By Yusra Barmaz

On Sunday 15th November, 15 countries from across the Asia Pacific region signed one of the largest trade deals ever brokered. The deal covers just under a third of the world’s economic output and includes countries such as  China, Australia, Japan, New Zealand, South Korea and ten Association of Southeast Asian Nations (Asean).

Negotiations for The Regional Comprehensive Economic Partnership (RCEP) started back in 2012 and was finally signed over a video link due to COVID-19 travel and social distancing restrictions.

Over the course of the next 20 years, the RCEP will abolish tariffs on a range of imports. The deal also lays out a framework for more modern and competitive legislation that covers IP, telecommunications and professional services.

The RCEP also simplifies the ‘rules of origin’ legislation, making it easier to benefit from free trade agreements. While there are relatively extensive free trade agreements (FTAs) already in place in the region, the rules can be complicated to understand. For example, a product made with parts from various countries (as is often the case) could, under present rules, be liable for multiple tariffs as it’s exported and imported within the region. Under RCEP rules, product parts from member nations would now be treated equally, meaning it’s more straightforward to benefit from FTAs and sourcing parts from across member states is likely to be advantageous.


New cross border opportunities for businesses

John Ashwood, Managing Director, ZEDRA Hong Kong explains that for clients in the Asia Pacific region with cross border interests, the deal is likely to be great news. ‘While RCEP still has to be ratified in a number of countries and the rollback on tariffs are unlikely to be lifted in the very short-term, the promise of easier cross border trade is an exciting prospect. There have long been great opportunities in the Asia Pacific region and many companies want to expand their footprint, or pursue prospects in the region, which often includes trading between one or multiple countries. The RCEP is likely to lay the foundation for them to do so with more ease, effectiveness and profitability.’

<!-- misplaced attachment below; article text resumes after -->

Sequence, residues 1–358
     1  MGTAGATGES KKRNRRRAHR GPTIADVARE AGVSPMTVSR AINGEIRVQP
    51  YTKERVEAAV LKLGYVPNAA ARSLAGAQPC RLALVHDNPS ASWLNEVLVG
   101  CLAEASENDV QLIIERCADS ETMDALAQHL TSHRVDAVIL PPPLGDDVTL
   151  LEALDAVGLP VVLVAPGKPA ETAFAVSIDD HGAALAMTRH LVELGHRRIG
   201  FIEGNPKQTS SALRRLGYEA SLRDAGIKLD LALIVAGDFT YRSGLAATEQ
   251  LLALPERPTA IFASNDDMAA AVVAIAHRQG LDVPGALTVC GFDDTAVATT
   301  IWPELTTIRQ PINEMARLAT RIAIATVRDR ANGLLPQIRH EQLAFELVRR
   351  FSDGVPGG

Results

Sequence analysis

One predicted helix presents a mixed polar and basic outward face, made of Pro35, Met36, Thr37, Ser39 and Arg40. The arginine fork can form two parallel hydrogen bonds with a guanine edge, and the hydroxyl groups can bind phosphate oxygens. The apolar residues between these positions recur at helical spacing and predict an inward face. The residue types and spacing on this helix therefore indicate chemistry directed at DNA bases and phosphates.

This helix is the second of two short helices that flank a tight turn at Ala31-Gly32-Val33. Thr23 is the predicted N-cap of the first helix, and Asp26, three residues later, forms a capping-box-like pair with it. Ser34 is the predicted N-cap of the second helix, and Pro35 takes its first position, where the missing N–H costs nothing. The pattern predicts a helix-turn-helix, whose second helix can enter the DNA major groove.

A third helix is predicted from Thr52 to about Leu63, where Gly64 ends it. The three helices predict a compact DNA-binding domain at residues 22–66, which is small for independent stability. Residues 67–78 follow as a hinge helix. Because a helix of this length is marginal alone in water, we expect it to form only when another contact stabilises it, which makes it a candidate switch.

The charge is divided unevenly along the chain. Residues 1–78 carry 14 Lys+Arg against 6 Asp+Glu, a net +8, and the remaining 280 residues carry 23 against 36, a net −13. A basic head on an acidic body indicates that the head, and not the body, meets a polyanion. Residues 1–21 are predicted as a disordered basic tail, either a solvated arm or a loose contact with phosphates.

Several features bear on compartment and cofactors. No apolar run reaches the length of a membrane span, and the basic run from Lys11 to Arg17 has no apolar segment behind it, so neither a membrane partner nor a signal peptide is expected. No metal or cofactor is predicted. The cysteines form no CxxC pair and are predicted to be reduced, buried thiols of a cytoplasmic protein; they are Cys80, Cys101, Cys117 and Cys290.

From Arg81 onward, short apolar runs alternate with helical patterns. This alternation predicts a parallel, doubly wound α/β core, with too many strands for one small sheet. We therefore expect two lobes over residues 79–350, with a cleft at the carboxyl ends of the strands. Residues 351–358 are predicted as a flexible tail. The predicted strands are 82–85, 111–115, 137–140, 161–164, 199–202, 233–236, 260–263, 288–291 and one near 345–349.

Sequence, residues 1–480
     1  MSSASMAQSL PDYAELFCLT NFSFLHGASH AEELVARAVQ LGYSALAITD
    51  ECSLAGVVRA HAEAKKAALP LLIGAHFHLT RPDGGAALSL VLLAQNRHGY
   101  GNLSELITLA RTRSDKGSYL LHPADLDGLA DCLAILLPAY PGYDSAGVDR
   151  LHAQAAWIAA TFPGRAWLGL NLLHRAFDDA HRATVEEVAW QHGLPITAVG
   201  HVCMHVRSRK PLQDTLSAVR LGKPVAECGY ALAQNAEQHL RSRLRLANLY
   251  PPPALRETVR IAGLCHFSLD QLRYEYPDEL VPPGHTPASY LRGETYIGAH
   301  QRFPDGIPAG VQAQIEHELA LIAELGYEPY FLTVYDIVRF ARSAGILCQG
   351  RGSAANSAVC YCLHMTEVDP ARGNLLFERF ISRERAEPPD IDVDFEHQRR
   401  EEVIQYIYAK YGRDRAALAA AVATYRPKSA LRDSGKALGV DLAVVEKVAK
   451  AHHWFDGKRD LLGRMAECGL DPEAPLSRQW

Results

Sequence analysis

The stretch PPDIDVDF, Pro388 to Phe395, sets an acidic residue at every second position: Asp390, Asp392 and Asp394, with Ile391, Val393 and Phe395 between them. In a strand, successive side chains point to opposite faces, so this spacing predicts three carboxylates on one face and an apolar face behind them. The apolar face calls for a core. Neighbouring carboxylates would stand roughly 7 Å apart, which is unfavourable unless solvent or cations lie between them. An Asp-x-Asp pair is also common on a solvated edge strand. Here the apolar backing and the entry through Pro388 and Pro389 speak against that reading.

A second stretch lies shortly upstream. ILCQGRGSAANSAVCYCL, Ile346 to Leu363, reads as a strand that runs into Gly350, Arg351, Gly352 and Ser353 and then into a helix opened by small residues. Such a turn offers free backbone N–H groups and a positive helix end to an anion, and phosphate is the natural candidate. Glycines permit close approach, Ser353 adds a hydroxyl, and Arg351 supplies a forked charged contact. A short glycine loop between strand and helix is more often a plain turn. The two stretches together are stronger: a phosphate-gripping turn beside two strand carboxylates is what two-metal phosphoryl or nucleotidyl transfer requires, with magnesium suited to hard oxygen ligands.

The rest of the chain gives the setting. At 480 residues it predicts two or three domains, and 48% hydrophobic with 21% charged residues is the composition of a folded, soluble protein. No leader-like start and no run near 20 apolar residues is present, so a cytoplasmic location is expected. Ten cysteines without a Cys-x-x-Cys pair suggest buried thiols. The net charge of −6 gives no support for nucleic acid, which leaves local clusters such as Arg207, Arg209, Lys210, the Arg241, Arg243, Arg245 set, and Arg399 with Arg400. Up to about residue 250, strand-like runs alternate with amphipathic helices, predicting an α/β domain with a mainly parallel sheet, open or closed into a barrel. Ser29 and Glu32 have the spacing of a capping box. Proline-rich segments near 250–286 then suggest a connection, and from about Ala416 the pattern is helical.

Private clients and HNW families

For wealthy clients, the story is likely to be similar. Many wealthy individuals and families have local or international businesses which generate much of the family wealth. Of these, many will have significant links to multiple countries in the Asia Pacific region, either with products which are imported and exported, or with professional services which may be given to domestic or international customers.

‘Many of our private clients have businesses that generate or supplement their wealth. Likewise, they often have multiple investments across the region. Any deal which facilitates international trade and cross border investments is welcome. As RCEP comes into force, we expect families may well look to benefit from these business and investment opportunities more fully,’ adds John.

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